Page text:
How Alberta's eagle expressway was spotted 25 years ago

For a quarter-century, Peter Sherrington and a few thousand fellow eagle enthusiasts have been scanning the skies west of Calgary, counting raptors.

Thousands of birds of prey follow route along Rockies' front range each spring and fall

A golden eagle is seen in this photo by Chris Fisher, author of Birds of Alberta. (Chris Fisher)

For a quarter-century, Peter Sherrington and a few thousand fellow eagle enthusiasts have been scanning the skies west of Calgary, counting raptors.

It all started by accident 25 years ago to this day.

On March 20, 1992, Sherrington was out with a friend in the Mount Lorette area of Kananaskis Country when they spotted a golden eagle around 11 a.m., which they found interesting because they believed it to be relatively rare.

They then saw two more while they were having lunch. Then another.

And another.

By the end of the day, they counted more than 100 golden eagles, all heading northwest.

"I thought, this is not random," Sherrington told the Calgary Eyeopener on the 25th anniversary of that day.

"This is something that is worth studying."

He went back out a couple days later with a larger group and together they counted 250 eagles in a single afternoon.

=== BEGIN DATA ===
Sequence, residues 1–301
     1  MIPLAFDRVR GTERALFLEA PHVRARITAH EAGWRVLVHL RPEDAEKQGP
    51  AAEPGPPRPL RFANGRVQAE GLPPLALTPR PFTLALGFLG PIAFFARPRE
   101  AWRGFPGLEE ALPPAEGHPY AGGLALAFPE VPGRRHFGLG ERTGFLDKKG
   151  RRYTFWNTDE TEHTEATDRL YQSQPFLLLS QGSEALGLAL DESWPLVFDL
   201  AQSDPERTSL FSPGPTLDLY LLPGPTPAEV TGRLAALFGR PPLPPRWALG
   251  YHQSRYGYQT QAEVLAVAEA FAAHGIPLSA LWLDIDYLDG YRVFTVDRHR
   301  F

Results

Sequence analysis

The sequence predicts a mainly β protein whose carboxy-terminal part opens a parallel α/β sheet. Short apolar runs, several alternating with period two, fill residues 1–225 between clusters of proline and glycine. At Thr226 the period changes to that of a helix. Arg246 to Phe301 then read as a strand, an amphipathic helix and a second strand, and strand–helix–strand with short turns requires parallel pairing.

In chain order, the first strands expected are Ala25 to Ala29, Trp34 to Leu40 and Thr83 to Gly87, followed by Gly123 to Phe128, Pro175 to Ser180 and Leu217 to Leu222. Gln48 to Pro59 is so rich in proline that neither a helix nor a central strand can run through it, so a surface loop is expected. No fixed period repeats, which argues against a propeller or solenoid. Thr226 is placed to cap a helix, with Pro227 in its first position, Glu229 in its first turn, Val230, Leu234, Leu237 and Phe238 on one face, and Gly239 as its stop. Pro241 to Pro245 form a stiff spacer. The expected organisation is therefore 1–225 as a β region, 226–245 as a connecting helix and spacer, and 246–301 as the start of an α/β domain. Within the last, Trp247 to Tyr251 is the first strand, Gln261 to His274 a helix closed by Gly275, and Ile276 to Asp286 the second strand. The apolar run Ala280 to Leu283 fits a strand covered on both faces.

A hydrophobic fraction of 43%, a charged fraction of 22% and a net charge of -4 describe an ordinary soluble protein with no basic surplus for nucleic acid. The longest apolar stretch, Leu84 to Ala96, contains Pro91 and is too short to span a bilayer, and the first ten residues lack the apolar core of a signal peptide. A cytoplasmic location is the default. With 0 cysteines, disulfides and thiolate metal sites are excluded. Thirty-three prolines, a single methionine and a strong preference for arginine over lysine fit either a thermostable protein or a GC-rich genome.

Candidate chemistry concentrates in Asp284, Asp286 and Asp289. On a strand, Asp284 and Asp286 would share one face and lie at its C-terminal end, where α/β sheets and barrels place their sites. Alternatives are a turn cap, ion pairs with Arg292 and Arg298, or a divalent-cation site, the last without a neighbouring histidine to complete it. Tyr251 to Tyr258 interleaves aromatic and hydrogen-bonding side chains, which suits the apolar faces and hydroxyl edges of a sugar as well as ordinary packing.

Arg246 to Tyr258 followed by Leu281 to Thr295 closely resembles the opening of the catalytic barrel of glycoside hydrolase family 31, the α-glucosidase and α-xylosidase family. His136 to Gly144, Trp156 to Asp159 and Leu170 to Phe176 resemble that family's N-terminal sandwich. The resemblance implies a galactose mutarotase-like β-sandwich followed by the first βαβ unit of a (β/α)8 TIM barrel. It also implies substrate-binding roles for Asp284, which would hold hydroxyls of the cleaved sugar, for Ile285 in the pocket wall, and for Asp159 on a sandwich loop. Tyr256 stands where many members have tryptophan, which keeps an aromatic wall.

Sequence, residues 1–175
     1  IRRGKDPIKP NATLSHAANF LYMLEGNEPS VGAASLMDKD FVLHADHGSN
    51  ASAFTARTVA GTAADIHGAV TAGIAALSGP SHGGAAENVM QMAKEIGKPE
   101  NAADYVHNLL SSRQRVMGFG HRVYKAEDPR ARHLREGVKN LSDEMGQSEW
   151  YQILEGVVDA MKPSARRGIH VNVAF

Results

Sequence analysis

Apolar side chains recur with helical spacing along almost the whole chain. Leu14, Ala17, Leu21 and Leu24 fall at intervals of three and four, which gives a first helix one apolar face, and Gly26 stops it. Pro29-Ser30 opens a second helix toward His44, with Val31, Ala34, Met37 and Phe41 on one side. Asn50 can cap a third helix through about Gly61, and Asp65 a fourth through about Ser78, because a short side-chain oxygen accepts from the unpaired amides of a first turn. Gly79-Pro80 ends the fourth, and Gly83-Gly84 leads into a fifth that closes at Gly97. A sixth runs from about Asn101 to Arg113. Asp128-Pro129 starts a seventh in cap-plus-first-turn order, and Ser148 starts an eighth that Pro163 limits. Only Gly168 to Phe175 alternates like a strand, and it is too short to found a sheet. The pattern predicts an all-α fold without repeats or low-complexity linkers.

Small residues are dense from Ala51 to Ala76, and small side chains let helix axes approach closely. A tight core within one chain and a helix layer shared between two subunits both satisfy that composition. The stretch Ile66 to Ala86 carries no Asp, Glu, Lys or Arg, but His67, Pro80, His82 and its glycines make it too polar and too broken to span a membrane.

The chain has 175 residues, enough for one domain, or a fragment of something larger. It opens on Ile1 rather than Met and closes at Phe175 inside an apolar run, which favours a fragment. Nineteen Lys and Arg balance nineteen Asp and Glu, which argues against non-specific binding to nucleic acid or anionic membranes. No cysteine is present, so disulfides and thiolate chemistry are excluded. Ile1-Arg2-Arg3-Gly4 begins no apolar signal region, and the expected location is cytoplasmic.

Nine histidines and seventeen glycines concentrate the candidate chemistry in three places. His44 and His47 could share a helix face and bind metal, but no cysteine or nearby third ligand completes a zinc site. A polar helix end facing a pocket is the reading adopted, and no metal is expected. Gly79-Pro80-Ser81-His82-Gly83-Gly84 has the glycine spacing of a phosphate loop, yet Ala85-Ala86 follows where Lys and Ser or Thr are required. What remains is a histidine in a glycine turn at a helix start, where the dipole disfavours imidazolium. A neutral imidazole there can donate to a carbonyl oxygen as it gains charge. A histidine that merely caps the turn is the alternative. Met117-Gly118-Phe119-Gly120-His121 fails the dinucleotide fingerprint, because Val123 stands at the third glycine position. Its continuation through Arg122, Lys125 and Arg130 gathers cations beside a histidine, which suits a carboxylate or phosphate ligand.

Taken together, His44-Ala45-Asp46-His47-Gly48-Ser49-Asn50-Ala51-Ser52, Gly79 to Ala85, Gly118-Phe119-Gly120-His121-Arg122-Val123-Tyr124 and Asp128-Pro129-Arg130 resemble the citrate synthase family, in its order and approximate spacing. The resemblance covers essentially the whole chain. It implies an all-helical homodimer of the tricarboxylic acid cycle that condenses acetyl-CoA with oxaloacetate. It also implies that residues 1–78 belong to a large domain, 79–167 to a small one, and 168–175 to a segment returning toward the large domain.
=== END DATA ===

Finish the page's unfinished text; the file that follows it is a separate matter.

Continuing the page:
Eagle expressway

They had discovered a golden eagle migration route — more like an expressway, as it turns out — that persists to this day.

"The following fall, I went out and had over 2,000 golden eagles coming the other way," Sherrington said.

"And that in itself was interesting because in most parts of the world, raptors use one route in the spring and a different route in the fall. But this was one-stop shopping."

The next spring he counted 4,200 golden eagles, including 850 in a single day.

Citizen science project

The discovery led to the creation of the Rocky Mountain Eagle Research Foundation and its regular raptor count has become one of the largest and longest-running citizen science projects in the world.

Sherrington is back out tallying eagles this spring along with anyone who cares to join.

"Just come along," he said. "Dress warmly. Bring some binoculars. You don't even need to do that; we have spare binoculars and telescopes."

The eagles follow a route along the front ranges of the Rockies from Waterton National Park to northeastern British Columbia. Some have been known to fly that span in a southerly direction in less than two days.

"The speed that these birds can glide is quite phenomenal," Sherrington said.

"They're not exactly flocks, but they're all going on the same routes."

Traffic jams

The birds are actually quite "antagonistic" to one another but often end up bunching up in a situation Sherrington likens to heavy traffic hitting red lights along Calgary's Macleod Trail in rush hour.

"The traffic lights, in this case, are generally weather systems," he said.

"So they get held up for a couple of days by snow and low cloud and then it clears — which is the green light — and there's a sudden flood coming through. We've had up to 200 golden eagles in an hour coming through under those conditions."

He believes the route to be an ancient one that eagles have followed for 11,000 years.

The group's 2017 spring migration count is underway now and continues until April 22.

Observers will be at the Mount Lorette site daily and you can find more information about how to join them here.

With files from The Calgary Eyeopener.